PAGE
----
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My Mom and Dad

The opinions expressed by columnists are their own and do not necessarily represent the views of

I love my parents more than I can explain, just as you likely do yours. You can’t quantify that love, or put it in words, but anyone with good parents understands without needing it explained. It’s universally understood by anyone lucky enough to have great parents.


My parents met when they were still in high school. They went to the same school in the same town I and my five siblings all graduated from. My mom and her friend were hitchhiking (it was the late 50s and you could still do that), and my dad picked them up. They knew of each other but didn’t know each other. The story, as my mom tells it, is she told her friend my dad was cute and she wanted to sit next to him in his ‘55 Chevy. 

They started dating, they made it official at a Dairy Queen when my dad asked her to go steady. He then proposed, though he always joked she asked him.

They were married in 1960, a year and a few days later my brother was born. Over the next decade-plus my 3 sisters were born. Then me, the last (and as I always jokingly say, best). I was the child they didn’t plan and didn’t expect. 

I always teased my mom that I was a mistake, she always denied it. “We always planned on four or five kids,” then she’d toss in the s-word with a “you little” ahead of it. The s-word is one of her favorites. In her life, she peppered it in what she said, always jokingly, when one of us would be smart-alecky. Never heard her say anything worse, though she did tell the family that she once said the f-word. That’s right, once. Not in anger, but alone at the dining room table. “I said it out loud because I wanted to hear myself say it,” she explained.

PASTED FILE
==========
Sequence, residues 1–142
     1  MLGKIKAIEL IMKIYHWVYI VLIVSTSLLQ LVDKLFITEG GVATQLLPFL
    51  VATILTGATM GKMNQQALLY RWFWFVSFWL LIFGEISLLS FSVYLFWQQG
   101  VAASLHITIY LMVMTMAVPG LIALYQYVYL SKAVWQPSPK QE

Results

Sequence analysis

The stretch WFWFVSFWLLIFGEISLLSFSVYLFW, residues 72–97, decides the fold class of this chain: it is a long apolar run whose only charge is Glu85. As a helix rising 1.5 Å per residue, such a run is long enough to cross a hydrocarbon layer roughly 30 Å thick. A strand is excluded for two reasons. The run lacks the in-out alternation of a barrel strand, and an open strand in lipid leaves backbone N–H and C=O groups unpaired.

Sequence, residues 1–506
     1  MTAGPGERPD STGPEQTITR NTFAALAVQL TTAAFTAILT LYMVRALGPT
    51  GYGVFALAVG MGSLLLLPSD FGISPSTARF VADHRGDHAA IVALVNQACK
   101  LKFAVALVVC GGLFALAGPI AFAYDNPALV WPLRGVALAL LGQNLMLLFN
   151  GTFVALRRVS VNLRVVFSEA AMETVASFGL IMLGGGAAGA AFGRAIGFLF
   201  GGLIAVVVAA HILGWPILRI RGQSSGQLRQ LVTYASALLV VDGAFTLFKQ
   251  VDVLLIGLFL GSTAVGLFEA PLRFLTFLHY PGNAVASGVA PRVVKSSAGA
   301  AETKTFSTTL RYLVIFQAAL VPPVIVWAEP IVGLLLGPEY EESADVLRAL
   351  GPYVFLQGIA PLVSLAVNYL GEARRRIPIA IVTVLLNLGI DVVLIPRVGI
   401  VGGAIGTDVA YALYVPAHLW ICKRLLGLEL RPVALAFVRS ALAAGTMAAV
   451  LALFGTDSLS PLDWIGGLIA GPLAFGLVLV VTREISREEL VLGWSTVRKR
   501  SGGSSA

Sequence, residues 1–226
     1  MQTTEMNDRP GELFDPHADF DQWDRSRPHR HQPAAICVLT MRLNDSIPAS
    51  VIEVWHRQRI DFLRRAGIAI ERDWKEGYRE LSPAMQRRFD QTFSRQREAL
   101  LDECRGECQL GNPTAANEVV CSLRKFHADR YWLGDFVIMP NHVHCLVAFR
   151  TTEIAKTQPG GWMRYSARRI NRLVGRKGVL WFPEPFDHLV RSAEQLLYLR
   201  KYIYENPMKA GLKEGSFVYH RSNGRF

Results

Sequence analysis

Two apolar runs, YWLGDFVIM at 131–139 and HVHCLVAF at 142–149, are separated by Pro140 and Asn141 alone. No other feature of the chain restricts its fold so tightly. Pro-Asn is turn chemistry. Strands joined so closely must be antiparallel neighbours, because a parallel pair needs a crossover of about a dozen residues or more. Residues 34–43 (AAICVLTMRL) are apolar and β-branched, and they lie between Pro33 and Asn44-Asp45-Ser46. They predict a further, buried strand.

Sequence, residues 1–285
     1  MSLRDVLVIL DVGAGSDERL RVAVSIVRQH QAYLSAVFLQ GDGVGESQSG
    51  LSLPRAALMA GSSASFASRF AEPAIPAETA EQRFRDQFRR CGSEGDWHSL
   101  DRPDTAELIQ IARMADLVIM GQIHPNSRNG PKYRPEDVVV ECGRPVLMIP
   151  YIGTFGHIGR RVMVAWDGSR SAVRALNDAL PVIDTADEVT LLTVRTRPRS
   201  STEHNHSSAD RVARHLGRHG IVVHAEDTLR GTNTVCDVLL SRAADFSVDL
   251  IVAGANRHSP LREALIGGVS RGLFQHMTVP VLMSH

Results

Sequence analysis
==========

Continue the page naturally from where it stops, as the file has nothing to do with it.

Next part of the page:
Her health has never been good, at least in my lifetime. When I was 10 she lost her right leg above the knee; they called it hardening of the arteries. She’s always had circulation problems, bad pipes. The doctor told my dad her health was so bad she wouldn’t live to see 50. At the end of December she would’ve been 77.


I had to switch to past tense because a little over a month ago she had a heart attack. Mild, but a heart attack nonetheless. She needed bypass surgery – two arteries were completely blocked, three more were blocked 70 percent. No options were good options. 

Her heath had gotten worse since she lost her leg. An artificial artery from her shoulder to her hip saved her other leg, but she never walked without crutches again. She’d put on weight, as happens with age, became diabetic, developed high blood pressure, and more. Throughout it all she suffered from horrible bouts of phantom pain – the feeling that not only is a missing limb still there, but someone is stabbing it relentlessly. 

Through it all she was strong. 

After the bypass surgery on the first of November, her strength started to fade. She had good days, but too few and not for a while. My father, who I can’t remember ever spending more than an emergency night or two away from her, picked up the slack – 57 years of marriage allows for that. 

But last weekend he saw she couldn’t fight anymore. She didn’t regain full consciousness for some time, she had been non-responsive, her kidneys were failing, the machines breathed for her. She never wanted to live that way.

My parents discussed such a scenario – 57 years of marriage allows for that, too. 

It always seemed morbid to me – no child wants to hear their parents talk about a time when they aren’t here. But they did it in front of us, partially to tease us, partially so we’d know. On Sunday we knew.

My dad called to give me the news, Wednesday the machines would be turned off and she would be allowed to join God in Heaven.